“ ‘Oh God of abundance,’ I began, ‘you feed us every day. Rise in us now, make us into your bread, that we may share your gifts with a hungry world, and join in love with all people, through Jesus Christ our Lord. Amen.’ ” -pg 247

This was one of the prayers offered by Sara, one she specially wrote for use at the Food Pantry where her and her volunteers distribute free groceries to upwards of three hundred people once a week. I think the main reason it caught my eye as I read it this time around, was that it is reminded me very much of a prayer Bart Erhman described in his book God’s Problem. For Bart, the doctrine of a God who feeds people became proof that there is no God because millions of people starve every day. For Sara, the doctrine of a God who feeds people became the knowledge that God was asking for her help, because millions of people starve every day.

I hardly know where to begin with this book, there are so many themes and things written in it that just stop me in my tracks, I can hardly refrain from just blurting out “oh, did you read this part?” and “I LOVE what she said here” and “this quote just blows me away!”

So, actually… I’m gonna just blurt stuff out here:

I LOVE Sara’s doctrine of inclusion that welcomes everyone to the (sacramental) table;
“As I interpreted it, Jesus invited notorious wrongdoes to his table, airily discarding all the religious rules of the day, and fed whoever showed up, by the thousands. In the end, he was murdered for eating with the wrong people.” –pg 92

I am profoundly humbled by her belief that you cannot be Christian by your self,
“I was going to get communion, whether I wanted it or not, with people I didn’t necessarily like… the people God chose for me.” –pg 97 The atheist, the Buddhist, the wealthy liberal church member who doesn’t want the Food Pantry interfering with ‘church’, the schizophrenic, the hopeless drug addict, the homophobic evangelical, the sexual deviant (as she occasionally refers to herself) … all part of God’s flesh, the body that we are a part of.

Her take on the Holy Scriptures is delightful to me; “ ‘The Word of God,’ [Donald] said, ‘is what’s heard by the people of God when the Bible is read.’ That meant the Word was living not because it was magical but because over and over, down the centuries, believers wrestled with texts, adapted them, edited them, interpreted them, swallowed them whole an spat them out. The stories in the Bible were records of human attempts to understand God- attempts that were hopelessly incomplete. But through words and acts, we kept trying.” –pg 172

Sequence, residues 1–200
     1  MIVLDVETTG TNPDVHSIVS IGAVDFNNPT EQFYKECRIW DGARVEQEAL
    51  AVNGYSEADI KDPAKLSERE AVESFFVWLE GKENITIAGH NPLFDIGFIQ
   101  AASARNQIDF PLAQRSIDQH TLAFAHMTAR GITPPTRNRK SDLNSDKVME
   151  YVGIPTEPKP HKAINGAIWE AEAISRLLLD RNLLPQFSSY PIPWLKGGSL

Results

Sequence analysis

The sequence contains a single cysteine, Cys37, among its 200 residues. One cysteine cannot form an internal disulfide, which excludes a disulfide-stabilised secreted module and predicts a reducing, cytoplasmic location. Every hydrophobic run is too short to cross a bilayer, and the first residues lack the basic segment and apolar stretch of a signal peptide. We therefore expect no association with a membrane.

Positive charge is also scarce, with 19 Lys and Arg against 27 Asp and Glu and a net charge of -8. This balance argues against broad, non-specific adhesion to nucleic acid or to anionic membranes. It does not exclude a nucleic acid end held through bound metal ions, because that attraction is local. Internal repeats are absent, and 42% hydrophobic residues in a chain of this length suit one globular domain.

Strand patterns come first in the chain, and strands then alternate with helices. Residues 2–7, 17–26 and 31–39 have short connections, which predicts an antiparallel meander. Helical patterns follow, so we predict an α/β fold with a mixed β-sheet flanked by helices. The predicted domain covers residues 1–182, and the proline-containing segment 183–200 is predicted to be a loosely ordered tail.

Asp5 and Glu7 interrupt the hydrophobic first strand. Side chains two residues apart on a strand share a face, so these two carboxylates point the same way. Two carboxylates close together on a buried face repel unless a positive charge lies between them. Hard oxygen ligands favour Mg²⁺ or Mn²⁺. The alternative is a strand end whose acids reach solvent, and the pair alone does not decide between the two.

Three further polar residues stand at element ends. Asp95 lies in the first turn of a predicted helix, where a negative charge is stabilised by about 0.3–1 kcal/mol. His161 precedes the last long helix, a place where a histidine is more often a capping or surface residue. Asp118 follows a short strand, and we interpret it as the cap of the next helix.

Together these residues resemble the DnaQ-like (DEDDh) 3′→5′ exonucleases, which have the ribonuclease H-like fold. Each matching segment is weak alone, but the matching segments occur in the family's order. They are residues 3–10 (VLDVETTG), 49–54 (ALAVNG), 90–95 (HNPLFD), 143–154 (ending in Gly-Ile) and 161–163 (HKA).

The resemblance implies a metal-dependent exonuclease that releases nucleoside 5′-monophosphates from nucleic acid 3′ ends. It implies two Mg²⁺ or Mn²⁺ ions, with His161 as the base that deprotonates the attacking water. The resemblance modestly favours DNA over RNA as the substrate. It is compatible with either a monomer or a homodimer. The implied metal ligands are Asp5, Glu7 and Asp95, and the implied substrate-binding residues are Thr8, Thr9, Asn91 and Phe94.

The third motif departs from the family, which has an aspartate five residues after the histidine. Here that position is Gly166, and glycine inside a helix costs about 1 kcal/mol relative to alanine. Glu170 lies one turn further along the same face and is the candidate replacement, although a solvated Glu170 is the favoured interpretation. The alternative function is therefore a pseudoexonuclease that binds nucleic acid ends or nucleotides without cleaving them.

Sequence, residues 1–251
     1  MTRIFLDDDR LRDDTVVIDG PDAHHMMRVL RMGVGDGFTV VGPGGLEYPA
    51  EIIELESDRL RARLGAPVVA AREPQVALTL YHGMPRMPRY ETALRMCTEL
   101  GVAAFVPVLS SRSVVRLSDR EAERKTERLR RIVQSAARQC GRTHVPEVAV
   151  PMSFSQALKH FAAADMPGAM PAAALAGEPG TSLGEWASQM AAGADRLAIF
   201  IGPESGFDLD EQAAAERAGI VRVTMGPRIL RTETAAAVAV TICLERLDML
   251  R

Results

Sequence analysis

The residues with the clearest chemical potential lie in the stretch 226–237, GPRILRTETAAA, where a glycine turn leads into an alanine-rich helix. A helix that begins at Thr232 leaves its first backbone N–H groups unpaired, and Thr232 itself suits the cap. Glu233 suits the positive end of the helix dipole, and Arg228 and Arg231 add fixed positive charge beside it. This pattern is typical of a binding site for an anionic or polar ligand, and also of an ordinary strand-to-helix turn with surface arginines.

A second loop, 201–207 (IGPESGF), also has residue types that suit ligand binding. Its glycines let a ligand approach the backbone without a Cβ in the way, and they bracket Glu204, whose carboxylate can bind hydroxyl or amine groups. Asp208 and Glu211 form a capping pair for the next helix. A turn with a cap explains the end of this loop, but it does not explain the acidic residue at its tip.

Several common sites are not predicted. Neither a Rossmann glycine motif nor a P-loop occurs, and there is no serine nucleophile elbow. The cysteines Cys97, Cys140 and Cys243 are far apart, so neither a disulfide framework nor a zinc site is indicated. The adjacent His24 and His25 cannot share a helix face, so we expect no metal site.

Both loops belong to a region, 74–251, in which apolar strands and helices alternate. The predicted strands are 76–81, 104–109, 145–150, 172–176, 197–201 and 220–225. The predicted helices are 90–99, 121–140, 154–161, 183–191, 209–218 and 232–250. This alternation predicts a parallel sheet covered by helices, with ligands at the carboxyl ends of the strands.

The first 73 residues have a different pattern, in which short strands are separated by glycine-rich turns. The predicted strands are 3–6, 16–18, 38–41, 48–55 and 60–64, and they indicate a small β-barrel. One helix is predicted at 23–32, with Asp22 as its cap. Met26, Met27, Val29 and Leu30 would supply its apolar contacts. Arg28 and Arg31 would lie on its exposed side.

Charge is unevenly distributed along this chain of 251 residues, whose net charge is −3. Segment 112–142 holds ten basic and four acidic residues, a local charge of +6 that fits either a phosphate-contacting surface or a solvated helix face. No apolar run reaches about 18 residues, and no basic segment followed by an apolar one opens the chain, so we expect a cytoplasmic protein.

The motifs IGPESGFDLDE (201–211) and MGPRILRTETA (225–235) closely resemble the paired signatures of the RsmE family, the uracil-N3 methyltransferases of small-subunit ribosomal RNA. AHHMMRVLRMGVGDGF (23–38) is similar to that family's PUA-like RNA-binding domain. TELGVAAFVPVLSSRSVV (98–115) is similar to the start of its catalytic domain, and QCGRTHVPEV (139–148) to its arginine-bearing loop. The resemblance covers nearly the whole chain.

One of my favorite parts, the one lodged in the back of my mind like a seed, is when Sara takes a vial of rosemary scented oil to the Food Bank and shyly goes around asking the workers there if they wanted a blessing. A special anointing, a ‘blessing of the hands’ that she thought up just for the occasion. Dipping her thumb in the oil, making the sign of the cross upon the palm of whoever said yes, giving a little prayer. As they all go about their work of feeding the poor. The imagery is one I just cannot shake.

I was sometimes uncomfortable with her ‘new convert’ fervor, slipping scriptural phrases into conversations with her atheist partner, self-righteously strong-arming her new church community into the good-works sector using the guilt card (“it’s what Jesus would do if he were here”). And my heart hurt a little bit when she shared the account of the young girl, obviously abused, who wanted baptism; ‘…the water God puts on you to make you safe…’ It was a beautiful, intimate ordinance, as Sara and Lynn (the female minister) washed and anointed this girl (pg 237)… but I found my self thinking, aching; does she think this will protect her? Did they explain well enough to that beaten abused child that the water and the oil won’t keep her from getting hit (or worse)?

I could go on and on… (the politics of food, the ordination of women and homosexuals, the wars within religious communities and between different factions of Christians, same-sex marriage, the spirituality of sharing food and of the dinner table, etc…) but I’ll stop now.

However, I’m hoping you will go on, I’m dying to know what you thought of the book!

What did you think of Sara’s conversion, of her experiences at St Gregory’s, of her radical politics and her unconventional education, of her work with the Food Pantries and her unorthodox gospel?
What parts were memorable, which were uncomfortable?
What similarities do you see between Sara’s beliefs and experience and your own?
Anything else that I am not asking but you want to share, please feel free.

Tuesday, August 19, 2008

releasing nursery..... ?

We, my husband and I, serve in the nursery.